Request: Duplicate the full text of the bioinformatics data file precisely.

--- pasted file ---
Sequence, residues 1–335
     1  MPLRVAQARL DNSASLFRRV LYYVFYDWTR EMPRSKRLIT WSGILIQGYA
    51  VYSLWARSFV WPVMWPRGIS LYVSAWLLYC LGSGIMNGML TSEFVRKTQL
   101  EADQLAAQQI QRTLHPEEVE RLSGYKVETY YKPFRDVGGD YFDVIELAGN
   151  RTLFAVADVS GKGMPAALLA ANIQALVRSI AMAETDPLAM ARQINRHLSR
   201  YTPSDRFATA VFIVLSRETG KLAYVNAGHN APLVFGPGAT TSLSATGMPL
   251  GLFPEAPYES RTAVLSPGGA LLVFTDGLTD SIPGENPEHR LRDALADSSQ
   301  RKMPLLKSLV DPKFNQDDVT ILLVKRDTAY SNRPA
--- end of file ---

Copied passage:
Sequence, residues 1–335
     1  MPLRVAQARL DNSASLFRRV LYYVFYDWTR EMPRSKRLIT WSGILIQGYA
    51  VYSLWARSFV WPVMWPRGIS LYVSAWLLYC LGSGIMNGML TSEFVRKTQL
   101  EADQLAAQQI QRTLHPEEVE RLSGYKVETY YKPFRDVGGD YFDVIELAGN
   151  RTLFAVADVS GKGMPAALLA ANIQALVRSI AMAETDPLAM ARQINRHLSR
   201  YTPSDRFATA VFIVLSRETG KLAYVNAGHN APLVFGPGAT TSLSATGMPL
   251  GLFPEAPYES RTAVLSPGGA LLVFTDGLTD SIPGENPEHR LRDALADSSQ
   301  RKMPLLKSLV DPKFNQDDVT ILLVKRDTAY SNRPA